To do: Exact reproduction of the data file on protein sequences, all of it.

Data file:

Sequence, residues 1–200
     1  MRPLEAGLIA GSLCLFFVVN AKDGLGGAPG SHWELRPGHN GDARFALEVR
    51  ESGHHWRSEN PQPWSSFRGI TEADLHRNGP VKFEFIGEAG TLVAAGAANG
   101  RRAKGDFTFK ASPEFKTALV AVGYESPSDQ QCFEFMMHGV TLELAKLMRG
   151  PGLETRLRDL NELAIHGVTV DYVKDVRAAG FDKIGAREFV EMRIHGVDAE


Sequence, residues 1–200
     1  MRPLEAGLIA GSLCLFFVVN AKDGLGGAPG SHWELRPGHN GDARFALEVR
    51  ESGHHWRSEN PQPWSSFRGI TEADLHRNGP VKFEFIGEAG TLVAAGAANG
   101  RRAKGDFTFK ASPEFKTALV AVGYESPSDQ QCFEFMMHGV TLELAKLMRG
   151  PGLETRLRDL NELAIHGVTV DYVKDVRAAG FDKIGAREFV EMRIHGVDAE